Traveling south on Webster Street, Villa York Pizza appears like a shock of red, green and white among the dusty storefronts on the edge of Chinatown. Their fliers, which residents of my apartment building often find under their doors, describe the food as "The Real East Coast Taste." The sunshine makes the chrome tables outside gleam.
Inside is still except for someone clattering around in the kitchen. I peer around the corner and see a man with cropped black hair in a white apron opening industrial-size cans of tomato sauce.
"Oh, sorry," he says, wiping his hands. I put his age at about 28.
"Do you have anything fresh?" I ask, looking at two half-finished cheese pizzas in the glass case.
He tells me yes and says I should choose which toppings I want. "It will only take a minute," he adds.
Suddenly I am anxiously trying to decide between the "Webster" (pesto, spinach, mushrooms, tomato and garlic) and "Alltmeat." I finally settle on "Veggie."
He disappears into the kitchen again, reappearing occasionally to wash a dish or pot.
A camera allows him to keep an eye on the front, which is big enough for about six people, two bistro tables and four chairs. I take a seat in one of them and scan the interior.
The fluorescent lights overhead hum with electricity, mingling with the gurgle of a fish tank and the rumble of trucks heading down 12th Street. The scent of oregano, bread and tomato sauce fills the room painted in deep red and poppy yellow. The place reminds me of hole-in-the-wall pizza joints in New York.
Except the tip jar — a plastic tub taped into a ceramic ring of frogs that form a base — is tethered to the cash register. The owner tells me people kept trying to make off with both. They tied the cash register to the pizza case.
A few minutes later, the man returns and holds out a paper plate covered by the slice of pizza. Freshly melted cheese oozes over slices of red onion, green bell peppers and mushrooms.
It's hot and crunchy, even though I find old cheese and sauce underneath the vegetables.
When the smell of sizzling garlic begins to fill the room, I peek into the kitchen again out of curiosity.
"It's a recipe from France," says the owner, Salim "Sal" Zouai, offering a sample of chicken in a spicy red sauce and green beans sauteed with garlic, parsley and "a little bit of soy sauce."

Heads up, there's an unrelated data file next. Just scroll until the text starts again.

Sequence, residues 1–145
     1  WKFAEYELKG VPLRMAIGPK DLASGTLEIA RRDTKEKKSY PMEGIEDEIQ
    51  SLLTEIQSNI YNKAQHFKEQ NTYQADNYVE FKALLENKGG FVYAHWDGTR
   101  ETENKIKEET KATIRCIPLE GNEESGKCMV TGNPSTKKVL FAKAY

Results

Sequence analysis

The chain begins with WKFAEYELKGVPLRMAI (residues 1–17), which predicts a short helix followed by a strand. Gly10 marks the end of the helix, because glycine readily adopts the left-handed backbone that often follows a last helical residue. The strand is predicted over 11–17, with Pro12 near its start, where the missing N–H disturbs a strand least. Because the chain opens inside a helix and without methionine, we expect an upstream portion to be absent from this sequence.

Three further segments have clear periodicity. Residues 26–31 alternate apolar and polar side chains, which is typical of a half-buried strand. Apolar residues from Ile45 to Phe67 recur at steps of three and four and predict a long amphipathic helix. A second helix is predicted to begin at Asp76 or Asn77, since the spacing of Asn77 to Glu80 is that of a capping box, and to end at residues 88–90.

Is it on the menu?
"Oh, this is for us," he replies, meaning his staff.
Zouai, who is 49, trim and of French and Algerian descent, left Paris more than a decade ago. Like his staff, Zouai speaks English with an accent when not speaking rapid-fire Arabic or French.
Originally, he started out as a computer engineer, working for the big developers like IBM. He rode the dot-com roller-coaster until he got laid off after Sept. 11, 2001.
When Circuit City (the now-defunct consumer electronics retailer) offered him a $12-an-hour job, he decided to go into the restaurant business. He already had helped his brother launch two pizzerias in San Francisco. "I knew how to make pizza," Zouai says.
He opened Villa York in May 2009. He found the lease on Craigslist after a frustrating stint running two pizzerias in Las Vegas, one called Goodfellas.
"I lost money on that," he says.
He had visited Oakland only twice before he decided on the location, 351 12th St. Previous incarnations included a bakery and the I Love Sushi restaurant, so he didn't have to worry about zoning for Villa York.
His hours — open until midnight on weekdays, 2 a.m. on weekends — and menu cater to the people finishing long nights at the clubs: 12-inch Philly steaks, calzones, fish and chips, foot-long subs, chicken parmigiana, gyros, as well as "burges" and "desert."
On a good day, Zouai says, they go through a 50-pound bag of flour.
The sandwich bread comes from Concord, and he prefers Spanish olive oil over Italian. "Tunisian is good too," he says.
Zouai says he would like to expand and offer more seating. Storage is so limited he has to shop for supplies every two days.
That, he says, explains the stacks of pizza boxes piled on shelves and in the corners, giving the place the look of a disheveled bachelor pad.
Overall, though, he seems like a content businessman trying to make a stake in Oakland. At least he prefers restaurants to computer programming.
The hours are about the same, he says, "but without the headache."